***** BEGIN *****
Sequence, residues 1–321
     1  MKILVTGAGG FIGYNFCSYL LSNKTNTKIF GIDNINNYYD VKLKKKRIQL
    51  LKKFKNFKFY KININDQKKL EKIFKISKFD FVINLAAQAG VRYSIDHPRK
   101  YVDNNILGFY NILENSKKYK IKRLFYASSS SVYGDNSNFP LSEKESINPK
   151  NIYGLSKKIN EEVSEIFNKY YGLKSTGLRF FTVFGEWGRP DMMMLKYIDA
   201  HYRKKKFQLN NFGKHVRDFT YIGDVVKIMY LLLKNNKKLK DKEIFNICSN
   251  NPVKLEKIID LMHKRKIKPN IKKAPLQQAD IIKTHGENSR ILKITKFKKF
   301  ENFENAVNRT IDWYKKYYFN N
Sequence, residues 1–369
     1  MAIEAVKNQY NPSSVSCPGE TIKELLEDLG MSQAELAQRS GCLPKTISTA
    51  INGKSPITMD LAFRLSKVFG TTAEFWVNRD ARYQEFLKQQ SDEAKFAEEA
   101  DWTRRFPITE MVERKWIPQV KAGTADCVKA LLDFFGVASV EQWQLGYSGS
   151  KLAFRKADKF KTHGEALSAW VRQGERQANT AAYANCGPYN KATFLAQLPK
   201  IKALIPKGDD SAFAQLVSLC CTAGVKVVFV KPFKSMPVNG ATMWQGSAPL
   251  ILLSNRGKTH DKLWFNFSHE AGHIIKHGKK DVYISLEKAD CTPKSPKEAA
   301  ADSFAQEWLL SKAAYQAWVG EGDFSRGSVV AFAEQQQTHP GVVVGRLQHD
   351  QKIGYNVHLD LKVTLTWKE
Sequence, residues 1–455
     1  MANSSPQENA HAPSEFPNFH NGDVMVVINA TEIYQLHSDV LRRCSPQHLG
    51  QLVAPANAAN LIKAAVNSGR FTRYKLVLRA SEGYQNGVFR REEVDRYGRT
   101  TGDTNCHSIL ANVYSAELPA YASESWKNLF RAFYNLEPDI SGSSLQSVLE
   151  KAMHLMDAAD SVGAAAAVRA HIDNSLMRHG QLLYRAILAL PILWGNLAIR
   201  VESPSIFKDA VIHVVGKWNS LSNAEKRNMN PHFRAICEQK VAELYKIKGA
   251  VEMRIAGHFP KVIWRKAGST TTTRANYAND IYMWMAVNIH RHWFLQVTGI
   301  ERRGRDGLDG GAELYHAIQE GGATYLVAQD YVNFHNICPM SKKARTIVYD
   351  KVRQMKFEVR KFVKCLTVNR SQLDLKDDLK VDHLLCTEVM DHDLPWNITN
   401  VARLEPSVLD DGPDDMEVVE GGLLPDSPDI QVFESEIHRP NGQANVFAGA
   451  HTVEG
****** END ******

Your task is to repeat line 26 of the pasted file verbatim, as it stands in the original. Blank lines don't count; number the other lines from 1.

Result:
   351  KVRQMKFEVR KFVKCLTVNR SQLDLKDDLK VDHLLCTEVM DHDLPWNITN